The purpose of this research is to report university students' learning experiences with information communication technology (ICT) and open educational sources (OES) for global learning in Japan. The survey of 327 Japanese university students included seven multiple-choice items and 16 open-ended questions about students' learning experiences. The results showed that the most frequent use of ICT, including computer-mediated communication, is a discussion function of Blackboard for formal collaborative learning and LINE for informal learning. Learning with OES is less popular; only one student had taken a two-month course via YouTube provided by a Japanese university, and only two students had learned with foreign students online. The students' preferred activities for future international collaborative learning included project-based learning, casual chats and conversation, discussion, and e-mail exchange. Favored topics were ones related to their majors, international situations, the environment, cultural differences, and school life. Language proficiency, communication, cultural differences, and values and beliefs caused the most anxiety and concern for international collaboration, but the time gap, legal issues, and infrastructure were also considered.

Goda Y.,Kumamoto University | Yamada M.,Kyushu University | Matsukawa H.,Osaka University | Hata K.,Otemae University | Yasunami S.,Kumamoto University
Doctoral Student Consortium (DSC) - Proceedings of the 23rd International Conference on Computers in Education, ICCE 2015 | Year: 2015

This research reported on a trial practice of a flipped jigsaw collaborative learning (flipped jigsaw) of English as a foreign language (EFL) at a university in Japan. Its design, preparation, implementation, and overall evaluation were introduced. Individual works set as outside-class activities adopted a flipped classroom approach to jigsaw collaborative learning to free more class time for collaborative learning. The EFL students needed more opportunities to practice their target language with quality interactions among other students and teachers. The flipped jigsaw was designed to increase learners' quality interactions and reach their higher cognitive goals. Three video clips were selected for expert group learning, and a report with four open-ended questions was assigned to each expert group as a pre-expert group discussion activity. The expert group discussion was conducted face-to-face in a classroom, and the jigsaw group discussion was held in an online chat format. The overall evaluation based on students' perceptions of the flipped jigsaw (Class A: N = 89, Class B: N = 74) indicated that they might think that they were practicing English more than in the usual computer-assisted language learning activities. Interest in the final topic, expectation to improve their English, and satisfaction scored over 3 points in a 6-point Likert questionnaire. The results showed slightly positive attitudes toward the flipped jigsaw, regardless of the registered classes.

Sheng W.,Ritsumeikan University | Hasegawa K.,Ritsumeikan University | Okamoto A.,Otemae University | Tanaka S.,Otemae University
Communications in Computer and Information Science | Year: 2016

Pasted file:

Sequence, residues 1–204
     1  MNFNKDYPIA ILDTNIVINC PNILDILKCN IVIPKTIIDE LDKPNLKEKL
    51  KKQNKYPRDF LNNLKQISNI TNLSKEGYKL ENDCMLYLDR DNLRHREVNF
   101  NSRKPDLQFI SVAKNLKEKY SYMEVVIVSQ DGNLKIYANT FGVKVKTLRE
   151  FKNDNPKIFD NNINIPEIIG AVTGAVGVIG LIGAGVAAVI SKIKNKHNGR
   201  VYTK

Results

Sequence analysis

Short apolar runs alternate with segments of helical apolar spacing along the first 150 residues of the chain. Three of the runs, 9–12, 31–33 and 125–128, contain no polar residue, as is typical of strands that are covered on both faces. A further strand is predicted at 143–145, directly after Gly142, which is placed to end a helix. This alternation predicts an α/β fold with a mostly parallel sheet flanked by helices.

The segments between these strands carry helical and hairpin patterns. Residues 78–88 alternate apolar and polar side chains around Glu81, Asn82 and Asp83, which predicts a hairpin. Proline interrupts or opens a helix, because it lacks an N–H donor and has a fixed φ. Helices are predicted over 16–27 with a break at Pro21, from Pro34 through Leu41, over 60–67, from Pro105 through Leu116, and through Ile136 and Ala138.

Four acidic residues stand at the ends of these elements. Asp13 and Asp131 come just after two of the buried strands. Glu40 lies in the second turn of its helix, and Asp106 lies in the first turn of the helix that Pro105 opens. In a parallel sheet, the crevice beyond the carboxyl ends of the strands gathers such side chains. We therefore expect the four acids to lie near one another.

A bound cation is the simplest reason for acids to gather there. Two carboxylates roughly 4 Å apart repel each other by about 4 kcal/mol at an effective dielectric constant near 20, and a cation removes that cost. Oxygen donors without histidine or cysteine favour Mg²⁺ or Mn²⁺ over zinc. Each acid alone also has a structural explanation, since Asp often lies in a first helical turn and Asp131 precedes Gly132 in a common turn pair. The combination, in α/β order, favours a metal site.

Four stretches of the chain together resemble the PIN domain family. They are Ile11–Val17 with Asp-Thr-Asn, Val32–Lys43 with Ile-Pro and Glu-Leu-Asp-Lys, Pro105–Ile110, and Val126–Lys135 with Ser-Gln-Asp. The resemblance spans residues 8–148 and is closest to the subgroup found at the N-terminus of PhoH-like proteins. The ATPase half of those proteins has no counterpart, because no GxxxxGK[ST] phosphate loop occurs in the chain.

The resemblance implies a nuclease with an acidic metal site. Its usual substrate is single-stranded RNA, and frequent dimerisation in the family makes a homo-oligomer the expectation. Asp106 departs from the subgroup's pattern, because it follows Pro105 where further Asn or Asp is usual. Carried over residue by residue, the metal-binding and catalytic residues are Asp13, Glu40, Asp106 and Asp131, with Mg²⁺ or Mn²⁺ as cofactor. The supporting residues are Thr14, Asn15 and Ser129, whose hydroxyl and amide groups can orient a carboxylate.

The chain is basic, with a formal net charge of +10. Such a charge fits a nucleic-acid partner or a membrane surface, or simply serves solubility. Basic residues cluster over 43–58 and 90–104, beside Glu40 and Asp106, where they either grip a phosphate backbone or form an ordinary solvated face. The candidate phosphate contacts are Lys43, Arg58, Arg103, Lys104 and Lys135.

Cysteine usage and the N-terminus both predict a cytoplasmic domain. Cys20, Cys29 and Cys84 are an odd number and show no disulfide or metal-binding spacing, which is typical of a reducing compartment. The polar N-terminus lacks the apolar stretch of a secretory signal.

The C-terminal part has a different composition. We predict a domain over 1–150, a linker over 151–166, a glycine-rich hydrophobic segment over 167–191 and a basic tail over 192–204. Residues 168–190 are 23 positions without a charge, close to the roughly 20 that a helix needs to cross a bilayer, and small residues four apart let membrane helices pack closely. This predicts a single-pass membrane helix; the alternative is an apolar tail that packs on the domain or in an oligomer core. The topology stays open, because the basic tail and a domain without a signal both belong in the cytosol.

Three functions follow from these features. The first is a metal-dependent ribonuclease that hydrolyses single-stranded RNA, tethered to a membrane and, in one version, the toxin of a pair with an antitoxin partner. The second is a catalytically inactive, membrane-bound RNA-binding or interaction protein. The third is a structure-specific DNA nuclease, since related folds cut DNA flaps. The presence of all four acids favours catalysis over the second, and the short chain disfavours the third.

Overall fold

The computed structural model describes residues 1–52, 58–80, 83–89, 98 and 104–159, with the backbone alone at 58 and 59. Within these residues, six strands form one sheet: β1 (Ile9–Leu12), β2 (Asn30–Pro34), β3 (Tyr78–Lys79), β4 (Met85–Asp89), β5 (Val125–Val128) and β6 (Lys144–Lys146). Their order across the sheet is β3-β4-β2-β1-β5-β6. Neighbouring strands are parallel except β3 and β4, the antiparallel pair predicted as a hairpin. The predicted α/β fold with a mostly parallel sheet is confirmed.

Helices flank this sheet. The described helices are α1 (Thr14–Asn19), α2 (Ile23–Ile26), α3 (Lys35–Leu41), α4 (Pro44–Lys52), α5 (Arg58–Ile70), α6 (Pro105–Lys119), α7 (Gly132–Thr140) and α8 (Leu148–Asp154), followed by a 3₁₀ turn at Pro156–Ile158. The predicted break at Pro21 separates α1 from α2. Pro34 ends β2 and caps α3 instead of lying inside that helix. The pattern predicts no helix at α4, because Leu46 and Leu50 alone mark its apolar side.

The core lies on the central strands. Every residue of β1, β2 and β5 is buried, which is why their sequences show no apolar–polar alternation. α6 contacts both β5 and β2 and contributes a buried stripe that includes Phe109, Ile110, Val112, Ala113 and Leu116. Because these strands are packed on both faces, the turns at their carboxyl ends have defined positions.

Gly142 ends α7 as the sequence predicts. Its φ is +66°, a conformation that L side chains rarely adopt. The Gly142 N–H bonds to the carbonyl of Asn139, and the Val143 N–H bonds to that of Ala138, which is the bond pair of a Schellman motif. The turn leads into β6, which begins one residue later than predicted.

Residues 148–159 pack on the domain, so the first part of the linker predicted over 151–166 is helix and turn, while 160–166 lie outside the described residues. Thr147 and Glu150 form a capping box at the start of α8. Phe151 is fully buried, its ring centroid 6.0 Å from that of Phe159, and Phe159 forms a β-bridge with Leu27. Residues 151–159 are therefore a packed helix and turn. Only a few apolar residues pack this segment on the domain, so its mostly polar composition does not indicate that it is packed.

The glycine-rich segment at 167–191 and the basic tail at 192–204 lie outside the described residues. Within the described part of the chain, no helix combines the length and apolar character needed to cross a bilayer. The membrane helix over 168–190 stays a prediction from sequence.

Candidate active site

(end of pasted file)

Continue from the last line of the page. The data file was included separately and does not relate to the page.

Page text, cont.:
A new approach to visualize the laser-scanned point cloud of historical buildings is introduced. It has 2 advanced features: transparent rendering effect and an unsupervised extraction of architectural information. The transparent rendering is conducted using our previously reported rendering tool, Stochastic Point-based Rendering (SPBR). The architectural information extraction is realized with the point cloud clustering method, which considers pre-segmented sub point sets as the primitive units in the feature space for clustering instead of using raw points. This method increases the accuracy and reduces the computational cost of architectural information extraction. © Springer Science+Business Media Singapore 2016.

Yamada M.,Kyushu University | Goda Y.,Kumamoto University | Matsukawa H.,Osaka University | Hata K.,Otemae University | Yasunami S.,Kumamoto University
IEEE Multimedia | Year: 2016

This study investigated, through both formative and practical evaluation, the relationships among the use of functions in computer-supported collaborative learning (CSCL), psychological factors, and learning behaviors related to applying the Community of Inquiry (CoI) framework. The goal was to increase active interaction among learners. In two experiments inside and outside the classroom, the authors examined an online discussion and collected data using questionnaires that assessed perceived psychological factors, as well as communication logs related to the efficacy of CoI. The results of a path analysis showed two points. First, cognitive learning tools support the enhancement of expressive cognitive presence that promotes the perception of CoI as formative evaluation. Second, the frequency of the use of the functions fostered expressive social and cognitive presence (which enhanced the perception of both), perceived contribution, and satisfaction with online discussion. This article is part of a special issue on social media for learning. © 1994-2012 IEEE.

Nakayasu H.,Konan University | Miyoshi T.,Toyohashi Sozo University | Kondo N.,Otemae University | Aoki H.,Hitachi Ltd. | Patterson P.,Texas Tech University
Journal of Advanced Computational Intelligence and Intelligent Informatics | Year: 2011

The relationships between eye movement and behavior when driving in situations of familiar and unfamiliar highway regulations was investigated using a driving simulator and an eye tracking system. The experimental system proposed in this paper is useful for analyzing human error induced from differing traffic regulations, specifically between Japan and USA scenarios. It was found, from the time histories of eye movements by synchronizing vehicle trajectories, the different traffic regulations of Japan and USA caused an overshooting when taking right turns and an undershooting when taking left turns. Such overshooting and undershooting may lead to head-on crashes. It was also noted that duration time and number of eye fixation during overshooting or undershooting increased when compared to situations without overshooting and undershooting.

Nagayuki Y.,Otemae University
Proceedings of the 16th International Symposium on Artificial Life and Robotics, AROB 16th'11 | Year: 2011

In multi-agent environments, it is important that the agents have the "sociality". In this article, I propose a reinforcement learning framework, which is based on Q-learning, that the agent is able to learn the "sociality" in a multi-agent environment. In this framework, the agent learns to ignore the near goal, which is left for the other agent, and go toward the farther goal, if the agent judges that the decision is effective from the social viewpoint, but not from the agent's greedy viewpoint. © 2011 ISAROB.